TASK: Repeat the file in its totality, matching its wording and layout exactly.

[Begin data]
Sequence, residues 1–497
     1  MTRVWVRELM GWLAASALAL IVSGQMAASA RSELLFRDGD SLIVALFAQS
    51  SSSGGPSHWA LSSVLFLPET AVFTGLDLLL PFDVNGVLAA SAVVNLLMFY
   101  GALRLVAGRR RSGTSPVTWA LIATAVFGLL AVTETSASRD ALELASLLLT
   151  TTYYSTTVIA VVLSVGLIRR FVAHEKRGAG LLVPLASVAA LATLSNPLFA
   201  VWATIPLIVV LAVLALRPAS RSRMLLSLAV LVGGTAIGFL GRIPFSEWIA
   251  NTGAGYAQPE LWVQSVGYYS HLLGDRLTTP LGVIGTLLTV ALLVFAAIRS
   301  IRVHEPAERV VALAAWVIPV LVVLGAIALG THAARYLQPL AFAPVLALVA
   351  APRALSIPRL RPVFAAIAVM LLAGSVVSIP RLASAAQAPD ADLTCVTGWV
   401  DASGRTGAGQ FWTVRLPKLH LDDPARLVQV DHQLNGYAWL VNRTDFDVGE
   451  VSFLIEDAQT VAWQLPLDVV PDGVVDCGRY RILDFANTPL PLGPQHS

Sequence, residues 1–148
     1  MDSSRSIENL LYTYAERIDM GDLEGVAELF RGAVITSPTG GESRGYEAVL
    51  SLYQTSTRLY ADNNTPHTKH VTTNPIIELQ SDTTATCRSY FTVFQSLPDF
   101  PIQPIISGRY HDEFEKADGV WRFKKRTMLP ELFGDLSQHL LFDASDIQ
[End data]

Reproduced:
Sequence, residues 1–497
     1  MTRVWVRELM GWLAASALAL IVSGQMAASA RSELLFRDGD SLIVALFAQS
    51  SSSGGPSHWA LSSVLFLPET AVFTGLDLLL PFDVNGVLAA SAVVNLLMFY
   101  GALRLVAGRR RSGTSPVTWA LIATAVFGLL AVTETSASRD ALELASLLLT
   151  TTYYSTTVIA VVLSVGLIRR FVAHEKRGAG LLVPLASVAA LATLSNPLFA
   201  VWATIPLIVV LAVLALRPAS RSRMLLSLAV LVGGTAIGFL GRIPFSEWIA
   251  NTGAGYAQPE LWVQSVGYYS HLLGDRLTTP LGVIGTLLTV ALLVFAAIRS
   301  IRVHEPAERV VALAAWVIPV LVVLGAIALG THAARYLQPL AFAPVLALVA
   351  APRALSIPRL RPVFAAIAVM LLAGSVVSIP RLASAAQAPD ADLTCVTGWV
   401  DASGRTGAGQ FWTVRLPKLH LDDPARLVQV DHQLNGYAWL VNRTDFDVGE
   451  VSFLIEDAQT VAWQLPLDVV PDGVVDCGRY RILDFANTPL PLGPQHS

Sequence, residues 1–148
     1  MDSSRSIENL LYTYAERIDM GDLEGVAELF RGAVITSPTG GESRGYEAVL
    51  SLYQTSTRLY ADNNTPHTKH VTTNPIIELQ SDTTATCRSY FTVFQSLPDF
   101  PIQPIISGRY HDEFEKADGV WRFKKRTMLP ELFGDLSQHL LFDASDIQ